• Singen Recovery Diet - Because Santi was no longer eating and was actually vomitting, we found it difficult to feed him. Initially, we fed him the Royal Canin recovery diet which was like liver spread in texture. Eventually though, Santi wouldn't eat that anymore. So, we had to find a way to force feed him. We found the liquid Singen Recovery Diet was easier to give.

  • Dextrovet Dextrose Powder - When Santi suddenly stopped eating, he still continued to take in water. The Vet suggested dextrose powder so Santi could still have glucose in his body. We just mixed a spoonful of the powder in a small bowl of water and give him as much as he wanted.

  • Haemomaxx Liquid Supplement - This was prescribed to address the low RBC condition of Santi. It has high Iron content and other minerals as well as vitamins like B-Complex and others.

  • Immunol Liquid - This supplement has extracts that boost the immunity of pets. It enhances the effectivenesss of anti-microbial therapy for recurrent infections and is a good follow-up with antibiotics in acute bacterial infections.

  • Polynerv Syrup - This is essentially Vitamin B-Complex supplementation. Canine Distemper attacks the nervous system in dogs and the B-vitamins help boost the nervous system.

Antibiotics to Fight Infection Brought by Canine Distemper and Blood Parasitism

To fight infections, especially the secondary infections that come with the Canine Distemper symptoms, antibiotics are needed. The symptoms that may lead to secondary infections include coughing, eye discharges, etc.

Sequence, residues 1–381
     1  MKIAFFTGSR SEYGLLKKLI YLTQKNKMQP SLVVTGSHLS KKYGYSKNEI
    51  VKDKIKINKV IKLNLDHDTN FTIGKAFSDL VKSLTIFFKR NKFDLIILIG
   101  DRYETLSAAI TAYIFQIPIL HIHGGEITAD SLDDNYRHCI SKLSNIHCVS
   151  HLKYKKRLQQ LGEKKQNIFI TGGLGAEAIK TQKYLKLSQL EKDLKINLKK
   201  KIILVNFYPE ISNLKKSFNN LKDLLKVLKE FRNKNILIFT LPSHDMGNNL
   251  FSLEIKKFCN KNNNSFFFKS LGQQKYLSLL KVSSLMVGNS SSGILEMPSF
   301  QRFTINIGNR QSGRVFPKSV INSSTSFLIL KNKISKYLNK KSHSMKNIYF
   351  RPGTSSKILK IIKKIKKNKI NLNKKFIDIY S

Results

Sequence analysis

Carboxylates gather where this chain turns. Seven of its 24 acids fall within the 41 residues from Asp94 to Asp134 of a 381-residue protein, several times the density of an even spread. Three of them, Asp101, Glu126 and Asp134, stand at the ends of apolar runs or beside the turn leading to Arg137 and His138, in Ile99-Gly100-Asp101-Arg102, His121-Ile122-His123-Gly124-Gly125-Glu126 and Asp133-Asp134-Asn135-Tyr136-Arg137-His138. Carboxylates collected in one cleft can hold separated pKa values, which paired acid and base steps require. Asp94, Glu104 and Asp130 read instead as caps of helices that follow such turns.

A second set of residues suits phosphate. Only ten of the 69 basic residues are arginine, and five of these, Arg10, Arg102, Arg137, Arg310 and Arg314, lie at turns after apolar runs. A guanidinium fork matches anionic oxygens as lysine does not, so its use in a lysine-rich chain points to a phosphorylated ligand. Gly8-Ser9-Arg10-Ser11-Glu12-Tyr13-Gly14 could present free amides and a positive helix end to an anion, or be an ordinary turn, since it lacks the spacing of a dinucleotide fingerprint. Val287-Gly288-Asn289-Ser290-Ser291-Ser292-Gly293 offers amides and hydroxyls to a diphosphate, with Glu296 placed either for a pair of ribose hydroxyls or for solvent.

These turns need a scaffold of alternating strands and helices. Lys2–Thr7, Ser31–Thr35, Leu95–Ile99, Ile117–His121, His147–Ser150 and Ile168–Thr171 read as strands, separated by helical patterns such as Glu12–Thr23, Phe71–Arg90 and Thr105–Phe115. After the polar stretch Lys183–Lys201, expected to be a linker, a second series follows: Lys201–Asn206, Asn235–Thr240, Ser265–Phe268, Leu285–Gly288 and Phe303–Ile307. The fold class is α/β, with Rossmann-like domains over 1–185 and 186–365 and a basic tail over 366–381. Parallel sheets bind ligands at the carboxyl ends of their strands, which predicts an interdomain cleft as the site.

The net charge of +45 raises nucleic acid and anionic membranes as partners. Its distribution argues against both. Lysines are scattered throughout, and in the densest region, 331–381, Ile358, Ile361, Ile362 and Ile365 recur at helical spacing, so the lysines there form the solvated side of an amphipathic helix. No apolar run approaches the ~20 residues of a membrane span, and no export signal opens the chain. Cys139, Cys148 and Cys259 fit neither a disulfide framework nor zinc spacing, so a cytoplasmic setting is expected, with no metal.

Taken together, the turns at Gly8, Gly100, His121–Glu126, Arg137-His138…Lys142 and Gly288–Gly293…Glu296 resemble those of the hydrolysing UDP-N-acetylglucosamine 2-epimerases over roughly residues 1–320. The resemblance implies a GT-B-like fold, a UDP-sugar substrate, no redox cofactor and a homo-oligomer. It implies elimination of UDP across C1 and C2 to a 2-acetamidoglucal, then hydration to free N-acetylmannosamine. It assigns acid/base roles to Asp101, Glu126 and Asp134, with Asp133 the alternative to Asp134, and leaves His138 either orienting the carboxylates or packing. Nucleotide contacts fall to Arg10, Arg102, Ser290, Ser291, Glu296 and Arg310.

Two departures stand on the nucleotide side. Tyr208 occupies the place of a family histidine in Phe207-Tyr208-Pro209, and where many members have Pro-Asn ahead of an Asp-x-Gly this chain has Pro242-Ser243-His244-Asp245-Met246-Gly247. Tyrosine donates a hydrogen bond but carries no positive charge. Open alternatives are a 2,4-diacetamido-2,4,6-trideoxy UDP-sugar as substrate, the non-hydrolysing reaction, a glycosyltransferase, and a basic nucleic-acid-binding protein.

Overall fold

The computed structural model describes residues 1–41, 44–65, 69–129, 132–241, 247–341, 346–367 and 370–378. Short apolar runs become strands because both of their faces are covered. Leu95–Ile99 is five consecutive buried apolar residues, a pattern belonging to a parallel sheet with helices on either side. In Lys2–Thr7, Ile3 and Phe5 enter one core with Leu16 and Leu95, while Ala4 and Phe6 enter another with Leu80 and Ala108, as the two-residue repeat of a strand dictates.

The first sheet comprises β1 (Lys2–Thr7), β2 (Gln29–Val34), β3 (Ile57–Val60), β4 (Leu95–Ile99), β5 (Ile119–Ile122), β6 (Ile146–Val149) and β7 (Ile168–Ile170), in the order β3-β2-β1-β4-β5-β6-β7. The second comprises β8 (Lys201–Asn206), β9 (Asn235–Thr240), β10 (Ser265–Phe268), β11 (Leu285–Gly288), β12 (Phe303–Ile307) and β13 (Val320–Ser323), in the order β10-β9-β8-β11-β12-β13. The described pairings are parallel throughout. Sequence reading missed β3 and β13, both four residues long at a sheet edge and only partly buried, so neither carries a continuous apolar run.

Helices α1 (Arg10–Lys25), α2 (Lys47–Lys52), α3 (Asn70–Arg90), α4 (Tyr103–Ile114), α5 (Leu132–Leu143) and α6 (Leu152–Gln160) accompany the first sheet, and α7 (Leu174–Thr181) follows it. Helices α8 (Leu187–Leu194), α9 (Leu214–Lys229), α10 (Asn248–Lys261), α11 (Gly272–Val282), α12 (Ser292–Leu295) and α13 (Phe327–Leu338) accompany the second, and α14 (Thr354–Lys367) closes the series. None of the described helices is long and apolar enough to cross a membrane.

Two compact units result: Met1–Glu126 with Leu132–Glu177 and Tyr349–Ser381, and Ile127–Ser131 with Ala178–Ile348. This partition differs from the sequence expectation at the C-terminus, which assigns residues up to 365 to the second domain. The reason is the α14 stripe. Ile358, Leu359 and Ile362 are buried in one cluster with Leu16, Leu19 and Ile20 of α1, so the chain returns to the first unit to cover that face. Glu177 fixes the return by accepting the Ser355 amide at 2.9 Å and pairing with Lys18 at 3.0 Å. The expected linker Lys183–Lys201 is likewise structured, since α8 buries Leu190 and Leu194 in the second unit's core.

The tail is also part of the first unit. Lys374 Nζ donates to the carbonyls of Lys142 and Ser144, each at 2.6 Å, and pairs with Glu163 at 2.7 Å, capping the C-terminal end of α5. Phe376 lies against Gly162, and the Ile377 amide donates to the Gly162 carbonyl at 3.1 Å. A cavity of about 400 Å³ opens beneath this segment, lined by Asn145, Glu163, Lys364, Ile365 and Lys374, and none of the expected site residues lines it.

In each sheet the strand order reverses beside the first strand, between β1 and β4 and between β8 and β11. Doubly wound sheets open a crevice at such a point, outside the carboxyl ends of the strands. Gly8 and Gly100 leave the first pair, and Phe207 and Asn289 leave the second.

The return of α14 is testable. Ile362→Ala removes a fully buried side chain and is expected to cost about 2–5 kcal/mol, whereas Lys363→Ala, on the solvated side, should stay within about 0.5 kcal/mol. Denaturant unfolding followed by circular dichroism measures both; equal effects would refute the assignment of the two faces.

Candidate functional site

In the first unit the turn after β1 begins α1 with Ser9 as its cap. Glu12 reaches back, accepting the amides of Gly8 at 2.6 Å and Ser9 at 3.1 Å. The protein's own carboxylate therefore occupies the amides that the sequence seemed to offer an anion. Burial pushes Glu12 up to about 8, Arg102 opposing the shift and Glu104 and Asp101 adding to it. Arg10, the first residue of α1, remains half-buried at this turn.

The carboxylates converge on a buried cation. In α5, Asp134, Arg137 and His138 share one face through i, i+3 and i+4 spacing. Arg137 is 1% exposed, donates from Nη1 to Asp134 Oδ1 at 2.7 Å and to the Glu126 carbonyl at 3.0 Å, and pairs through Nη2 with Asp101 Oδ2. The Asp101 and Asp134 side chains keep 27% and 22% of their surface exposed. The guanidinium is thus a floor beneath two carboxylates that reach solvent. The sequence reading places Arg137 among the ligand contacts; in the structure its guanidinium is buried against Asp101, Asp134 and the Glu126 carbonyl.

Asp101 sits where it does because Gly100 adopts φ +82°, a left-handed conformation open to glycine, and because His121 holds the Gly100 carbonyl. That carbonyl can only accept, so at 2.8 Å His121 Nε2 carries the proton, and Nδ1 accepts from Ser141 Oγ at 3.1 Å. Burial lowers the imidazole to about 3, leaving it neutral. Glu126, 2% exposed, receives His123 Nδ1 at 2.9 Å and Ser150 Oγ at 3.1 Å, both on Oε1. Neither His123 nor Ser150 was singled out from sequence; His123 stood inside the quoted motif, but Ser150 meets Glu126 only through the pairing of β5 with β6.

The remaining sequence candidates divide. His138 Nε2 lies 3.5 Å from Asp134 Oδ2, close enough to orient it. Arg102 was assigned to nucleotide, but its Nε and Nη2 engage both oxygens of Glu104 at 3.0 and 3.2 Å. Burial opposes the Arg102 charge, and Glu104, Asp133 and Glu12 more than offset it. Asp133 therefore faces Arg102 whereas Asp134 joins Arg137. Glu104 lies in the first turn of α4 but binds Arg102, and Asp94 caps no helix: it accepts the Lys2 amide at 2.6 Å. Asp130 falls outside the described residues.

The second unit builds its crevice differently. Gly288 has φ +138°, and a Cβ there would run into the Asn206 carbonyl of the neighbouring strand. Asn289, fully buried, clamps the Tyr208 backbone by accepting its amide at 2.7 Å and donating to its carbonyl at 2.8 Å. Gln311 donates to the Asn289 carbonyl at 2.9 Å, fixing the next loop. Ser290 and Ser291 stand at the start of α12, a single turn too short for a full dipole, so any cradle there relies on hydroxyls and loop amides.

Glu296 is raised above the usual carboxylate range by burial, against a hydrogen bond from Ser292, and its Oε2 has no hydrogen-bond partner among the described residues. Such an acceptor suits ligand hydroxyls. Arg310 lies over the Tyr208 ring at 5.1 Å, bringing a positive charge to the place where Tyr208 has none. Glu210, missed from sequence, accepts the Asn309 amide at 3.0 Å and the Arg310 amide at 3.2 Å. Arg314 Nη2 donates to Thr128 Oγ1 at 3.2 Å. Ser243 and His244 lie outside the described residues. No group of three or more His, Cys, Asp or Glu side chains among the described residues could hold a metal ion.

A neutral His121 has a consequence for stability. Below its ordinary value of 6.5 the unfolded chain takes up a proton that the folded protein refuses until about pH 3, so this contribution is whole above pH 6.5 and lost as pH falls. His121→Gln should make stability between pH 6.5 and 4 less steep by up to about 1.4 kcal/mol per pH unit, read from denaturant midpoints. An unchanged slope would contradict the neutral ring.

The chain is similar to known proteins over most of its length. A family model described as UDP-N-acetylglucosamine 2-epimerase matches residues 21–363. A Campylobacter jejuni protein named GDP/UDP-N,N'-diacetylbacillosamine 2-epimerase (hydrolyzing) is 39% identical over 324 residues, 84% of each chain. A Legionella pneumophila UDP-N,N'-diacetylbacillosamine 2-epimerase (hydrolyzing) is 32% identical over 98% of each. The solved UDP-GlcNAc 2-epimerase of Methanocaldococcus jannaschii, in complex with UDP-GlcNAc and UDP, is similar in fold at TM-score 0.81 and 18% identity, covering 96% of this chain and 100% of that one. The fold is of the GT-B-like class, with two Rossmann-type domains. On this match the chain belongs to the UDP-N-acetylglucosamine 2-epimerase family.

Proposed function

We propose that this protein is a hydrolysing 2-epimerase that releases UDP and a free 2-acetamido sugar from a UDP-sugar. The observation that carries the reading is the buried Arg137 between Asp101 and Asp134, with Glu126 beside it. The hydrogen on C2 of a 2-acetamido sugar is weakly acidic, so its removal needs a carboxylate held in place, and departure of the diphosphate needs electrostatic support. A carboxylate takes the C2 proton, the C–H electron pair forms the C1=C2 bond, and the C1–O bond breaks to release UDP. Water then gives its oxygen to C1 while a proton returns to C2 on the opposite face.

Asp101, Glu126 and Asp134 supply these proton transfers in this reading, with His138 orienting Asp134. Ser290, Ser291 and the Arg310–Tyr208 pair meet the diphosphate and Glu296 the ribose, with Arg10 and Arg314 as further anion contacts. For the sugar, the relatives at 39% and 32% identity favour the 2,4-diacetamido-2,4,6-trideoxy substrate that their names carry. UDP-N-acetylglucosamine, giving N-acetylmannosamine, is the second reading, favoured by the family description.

These infections need to be treated - and they can be treated with antibiotics. If untreated, they can lead to more complications which compromise the dog's immunity to fight the virus.

For Santi, Doxycycline (100mg tablet) was administered as the antibiotics of choice by the Vet. They were given in the following manner:

Aug 1115.6 kgDoxycycline 100mg1.5 tabletOnce a day for 14 days
Aug 1814.3 kgDoxycycline 100mg1.5 tabletOnce a day for 7 days
Aug 2612.6 kgDoxycycline 100mg1.25 tabletOnce a day for 7 days
Sep 0212.9 kgDoxycycline 100mg1.25 tabletOnce a day for 7 days
Sep 1015.0 kgDoxycycline 100mg1.5 tabletOnce a day for 14 days

Santi was tested positive for Canine Distemper on Aug 18. Notice that that he has been taking antibiotics since Aug 11. This was because he also initially tested positive for blood parasitism on Aug 11.

So, did the amount double when the prescription dates overlapped? No, the prescription (for Canine Distemper) were just that - it was what was required. It didn't mean adding on to a previous prescription (Blood Parasitism).